fond of saying that "Scouting is a game with a
today, we can still say, Scouting is about three things:
It’s about fun. It’s about values, and it’s about
learning. Fun is the game, learning is the process, and
values are the purpose."
"The challenge is
much the same today — and still the Scoutmaster is the
key. I described the Scoutmaster’s role many years ago in
my little book Aids to Scoutmastership:"
Scoutmaster guides the boy in the spirit of an older
has simply to be a boy-man, that is:
(1) He must have the boy spirit in him: and must be
able to place himself in the right plane
with his boys as a first step.
(2) He must realise the needs, outlooks and desires
of the different ages of boy life.
(3) He must deal with the individual boy rather than
with the mass.
(4) He then needs to promote a corporate spirit among
his individuals to gain the best results.
As he speaks, the embers
of the fire are burning low. For a moment you stare into
their glow and think about what he has said. It seems
that even with the passage of years, the goals of
Scouting are much the same. You look up from the fire and
he is gone. It is quiet, the boys are all asleep. The
stars twinkle as you head for your tent thinking all the
while of your visitor … or was he just something you
imagined as you watched the fire.
Please Note: The
quotations in black letters are from Baden-Powell’s Lessons
from the Varsity of Life, 1933, and his Aids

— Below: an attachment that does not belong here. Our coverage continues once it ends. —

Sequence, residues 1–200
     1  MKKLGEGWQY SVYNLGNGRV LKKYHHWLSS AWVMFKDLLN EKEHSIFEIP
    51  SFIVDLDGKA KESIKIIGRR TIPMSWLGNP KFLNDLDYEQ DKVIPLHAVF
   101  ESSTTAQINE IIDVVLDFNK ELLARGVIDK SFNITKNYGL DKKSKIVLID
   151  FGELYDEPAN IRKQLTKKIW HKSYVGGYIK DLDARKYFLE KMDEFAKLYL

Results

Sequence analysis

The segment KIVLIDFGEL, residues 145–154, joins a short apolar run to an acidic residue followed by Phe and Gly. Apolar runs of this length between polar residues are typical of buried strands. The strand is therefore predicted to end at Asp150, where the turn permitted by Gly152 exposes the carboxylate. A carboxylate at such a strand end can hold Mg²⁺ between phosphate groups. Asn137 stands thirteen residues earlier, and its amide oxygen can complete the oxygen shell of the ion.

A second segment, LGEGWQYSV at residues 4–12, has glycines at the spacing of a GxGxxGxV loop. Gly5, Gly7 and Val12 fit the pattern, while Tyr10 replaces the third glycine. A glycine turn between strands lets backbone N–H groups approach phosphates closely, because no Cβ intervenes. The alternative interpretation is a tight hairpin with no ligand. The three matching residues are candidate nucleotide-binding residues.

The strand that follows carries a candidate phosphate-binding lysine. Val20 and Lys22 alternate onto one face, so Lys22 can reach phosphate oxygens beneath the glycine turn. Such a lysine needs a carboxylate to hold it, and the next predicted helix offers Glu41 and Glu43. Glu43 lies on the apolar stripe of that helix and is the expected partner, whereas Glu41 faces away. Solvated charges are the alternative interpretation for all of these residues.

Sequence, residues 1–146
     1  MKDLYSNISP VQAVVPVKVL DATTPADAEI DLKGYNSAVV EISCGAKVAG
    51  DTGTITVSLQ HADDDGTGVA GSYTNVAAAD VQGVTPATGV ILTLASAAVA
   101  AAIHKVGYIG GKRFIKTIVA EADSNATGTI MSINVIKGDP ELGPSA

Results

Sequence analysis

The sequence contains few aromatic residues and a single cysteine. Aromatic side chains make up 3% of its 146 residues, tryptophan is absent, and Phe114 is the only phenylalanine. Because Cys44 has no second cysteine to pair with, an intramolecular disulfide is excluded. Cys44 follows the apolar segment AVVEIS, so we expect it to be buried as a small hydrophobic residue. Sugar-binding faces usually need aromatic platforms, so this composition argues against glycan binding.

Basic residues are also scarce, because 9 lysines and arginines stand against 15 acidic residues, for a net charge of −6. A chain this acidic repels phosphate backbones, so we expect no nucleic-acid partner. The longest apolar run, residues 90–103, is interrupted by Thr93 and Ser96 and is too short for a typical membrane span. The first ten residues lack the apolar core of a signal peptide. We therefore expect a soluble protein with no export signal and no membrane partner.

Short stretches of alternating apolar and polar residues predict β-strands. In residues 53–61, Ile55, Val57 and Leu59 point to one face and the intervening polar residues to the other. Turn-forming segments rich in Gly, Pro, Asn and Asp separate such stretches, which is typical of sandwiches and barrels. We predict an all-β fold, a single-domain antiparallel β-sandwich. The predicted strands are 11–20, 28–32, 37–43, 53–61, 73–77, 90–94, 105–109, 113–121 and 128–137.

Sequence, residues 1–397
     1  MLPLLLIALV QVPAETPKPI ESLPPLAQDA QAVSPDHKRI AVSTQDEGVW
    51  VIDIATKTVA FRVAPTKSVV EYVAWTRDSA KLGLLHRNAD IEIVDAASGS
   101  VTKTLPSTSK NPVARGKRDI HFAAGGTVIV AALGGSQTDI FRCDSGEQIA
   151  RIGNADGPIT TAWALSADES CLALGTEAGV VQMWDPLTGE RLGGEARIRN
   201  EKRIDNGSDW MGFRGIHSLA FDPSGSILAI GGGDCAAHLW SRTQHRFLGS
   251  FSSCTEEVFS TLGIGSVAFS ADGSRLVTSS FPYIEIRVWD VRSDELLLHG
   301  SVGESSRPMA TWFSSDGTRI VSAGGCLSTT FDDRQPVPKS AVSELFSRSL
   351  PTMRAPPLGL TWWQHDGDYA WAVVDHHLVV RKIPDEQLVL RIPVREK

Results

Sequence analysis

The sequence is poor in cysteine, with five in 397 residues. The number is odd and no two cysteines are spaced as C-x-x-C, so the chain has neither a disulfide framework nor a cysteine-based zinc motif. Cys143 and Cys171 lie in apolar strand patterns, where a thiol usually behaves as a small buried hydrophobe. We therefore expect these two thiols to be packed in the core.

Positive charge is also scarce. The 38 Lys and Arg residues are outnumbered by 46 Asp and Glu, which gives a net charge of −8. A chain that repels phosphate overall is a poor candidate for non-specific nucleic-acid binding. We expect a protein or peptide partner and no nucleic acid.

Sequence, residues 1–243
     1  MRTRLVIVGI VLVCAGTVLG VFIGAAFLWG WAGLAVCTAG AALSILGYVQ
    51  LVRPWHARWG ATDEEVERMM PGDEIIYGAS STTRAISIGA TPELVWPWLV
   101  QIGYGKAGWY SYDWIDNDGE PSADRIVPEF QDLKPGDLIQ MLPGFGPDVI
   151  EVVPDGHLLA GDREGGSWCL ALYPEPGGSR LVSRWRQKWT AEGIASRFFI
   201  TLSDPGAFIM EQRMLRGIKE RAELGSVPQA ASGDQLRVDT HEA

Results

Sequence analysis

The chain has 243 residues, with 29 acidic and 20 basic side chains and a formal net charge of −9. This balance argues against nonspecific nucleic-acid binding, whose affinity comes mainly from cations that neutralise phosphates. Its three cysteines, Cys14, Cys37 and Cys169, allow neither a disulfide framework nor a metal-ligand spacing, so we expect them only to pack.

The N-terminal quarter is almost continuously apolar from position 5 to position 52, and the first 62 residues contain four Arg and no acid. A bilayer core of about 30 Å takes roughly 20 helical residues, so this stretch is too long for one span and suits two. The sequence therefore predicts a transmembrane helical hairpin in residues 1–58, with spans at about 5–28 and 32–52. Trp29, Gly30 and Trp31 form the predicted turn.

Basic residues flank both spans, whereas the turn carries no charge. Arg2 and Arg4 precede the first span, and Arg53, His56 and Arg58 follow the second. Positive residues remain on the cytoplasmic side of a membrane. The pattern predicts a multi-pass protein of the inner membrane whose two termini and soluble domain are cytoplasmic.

to Scoutmastership, 1920. All other B-P
quotations are the product of the author’s
imagination. The material in these pages is the
original work of the author. Some portions appear in
program and training literature of the Boy Scouts of
Ethics in Action
In 1983, the Viking
Council in Minneapolis, Minnesota began work on an
initiative that would come to be known as Ethics in
Action. Working with the Center for Youth Development and
Research at the University of Minnesota, new program
materials were developed for Cub Scouting, Boy Scouting
The approach is
experiential, using the same educational methods B-P used
as he developed the Scouting program. "Learning by
doing" remains at the heart of Scouting, though its
roots are documented in ancient times:
we have to learn to do we learn by the actual doing
of it: people become builders by building, and
instrumentalists by playing instruments. Similarly we
become just by performing just acts, temperate by
performing temperate ones, brave by performing brave
ones …. So it is a matter of no little importance
what sort of habits we form from the earliest age —
it make a vast difference, or rather all the
difference in the world."
An HTML version of
The DELTA Handbook provides the background
of the original Ethics-in-Action program as
developed in Minnesota. It covers theory as well
as practical information and activities. A
variety of initiative games and Scoutcraft skill
contests are also included. This little red book
was the working handbook for the development and
testing of the Boy Scouting elements of Ethics in
Action. Steve Tobin’s "The NetWoods Virtual
Campsite" provides a downloadable version
of the DELTA Handbook. It is a valuable resource
for anyone interested in the reflection process
and other activities that help bring the values
of Scouting through for youth.
Most of the elements of
the original Ethics in Action program are now part of
Scouting. These pages explore the background and the
resources available to leaders in Scouting to help them
bring the values of Scouting through to youth. The
content has been adapted from the DELTA Handbook,
supporting materials developed for Ethics in Action, and
original materials developed by the author. Some of these
appear, in one form or another, in the training
literature of the BSA.
Scouting is a Game with
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Please write to: Lewis P. Orans
Copyright © Lewis P. Orans, 1996
Last Modified: 1:118 PM 11-24-96